How Chesapeake Energy Can Be Saved (From Itself): Opinion
In retrospect, this frenzied trading activity in Chesapeake shares was the calm before the storm. The fact that Icahn's investment led to such a sharp reaction showed just how frustrated Chesapeake shareholders had become and how ripe the company was for some activist action.
Certainly, that ripeness has only intensified as the shares have dropped to an even lower mark than when Icahn invested in the low $20s, and the argument about the underlying value of the company's "great collection of assets" still attracts plenty of attention.
For those shareholders who were betting that Icahn was in it for one of his typical long activist campaigns, and who didn't sell out when Chesapeake shares hit $35, they could sorely use another SEC filing from Icahn revealing a new stake in Chesapeake.
Nevertheless, another quickie profit for Icahn -- and Icahn can't be relied on for more than that, as he tends to monitor his investment with a watch as opposed to the calendar -- may not solve the problems for Chesapeake or its shareholders.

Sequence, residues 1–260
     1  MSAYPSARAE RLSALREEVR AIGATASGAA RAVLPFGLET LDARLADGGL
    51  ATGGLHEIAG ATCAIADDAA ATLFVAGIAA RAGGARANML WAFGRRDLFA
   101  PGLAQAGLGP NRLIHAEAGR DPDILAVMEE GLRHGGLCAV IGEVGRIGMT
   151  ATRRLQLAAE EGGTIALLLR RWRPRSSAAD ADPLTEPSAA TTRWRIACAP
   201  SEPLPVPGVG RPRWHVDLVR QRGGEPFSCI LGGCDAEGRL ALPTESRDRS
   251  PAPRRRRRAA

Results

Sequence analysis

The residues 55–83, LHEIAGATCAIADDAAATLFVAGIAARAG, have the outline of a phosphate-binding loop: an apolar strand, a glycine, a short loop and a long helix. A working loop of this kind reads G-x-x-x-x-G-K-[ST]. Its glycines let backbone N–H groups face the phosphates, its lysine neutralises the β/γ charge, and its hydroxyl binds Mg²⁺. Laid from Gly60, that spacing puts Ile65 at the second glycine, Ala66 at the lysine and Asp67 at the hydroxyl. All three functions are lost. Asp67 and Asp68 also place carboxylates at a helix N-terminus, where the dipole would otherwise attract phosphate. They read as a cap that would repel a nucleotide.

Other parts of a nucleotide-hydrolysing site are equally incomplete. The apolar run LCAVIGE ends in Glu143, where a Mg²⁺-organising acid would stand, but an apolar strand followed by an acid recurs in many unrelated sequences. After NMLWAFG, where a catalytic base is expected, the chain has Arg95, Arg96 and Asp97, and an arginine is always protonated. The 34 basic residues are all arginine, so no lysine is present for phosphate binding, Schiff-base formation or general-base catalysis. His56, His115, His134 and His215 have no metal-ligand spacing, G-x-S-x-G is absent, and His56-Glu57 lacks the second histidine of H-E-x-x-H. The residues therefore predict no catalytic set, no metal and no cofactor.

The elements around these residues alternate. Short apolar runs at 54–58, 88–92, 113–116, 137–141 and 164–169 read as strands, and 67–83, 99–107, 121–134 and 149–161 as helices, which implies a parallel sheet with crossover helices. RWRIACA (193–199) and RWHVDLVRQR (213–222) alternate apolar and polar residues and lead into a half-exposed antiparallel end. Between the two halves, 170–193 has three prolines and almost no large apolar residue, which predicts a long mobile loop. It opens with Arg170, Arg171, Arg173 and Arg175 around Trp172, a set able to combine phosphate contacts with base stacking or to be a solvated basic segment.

Drastic action may be required...
Idea No. 5: Exxon Mobil creates hedge funds to short Chesapeake Energy and buy up all of its debt
Big Oil villain Exxon Mobil is already considered to be among the most secretive companies in the world, operating with all the influence of a sovereign nation. Therefore, maybe it wouldn't be too much of a stretch for Exxon to create hedge funds purely for the purpose of shorting Chesapeake to the hilt. Exxon could simultaneously buy up all of Chesapeake's debt and ultimately send the company into bankruptcy so it can pick up, and/or pick apart the pieces. This could be done either in tandem with Raymond being named independent chairman of Chesapeake, or not.
While this idea is meant to be tongue in cheek, it's also really just a logical extension of Exxon's existing strategy, and a trading vehicle to complement its nuts-and-bolts approach to oil and gas sector production.
As TheStreet has previously written, for all of Chesapeake's attempts early this year to slow production as a way to rescue natural gas pricing, the single biggest impediment to the plan was Exxon Mobil's what-me-worry attitude about drilling no matter how low natural gas prices sink. In the end, more bankrupt natural gas companies only creates more cheap acquisitions for Exxon Mobil.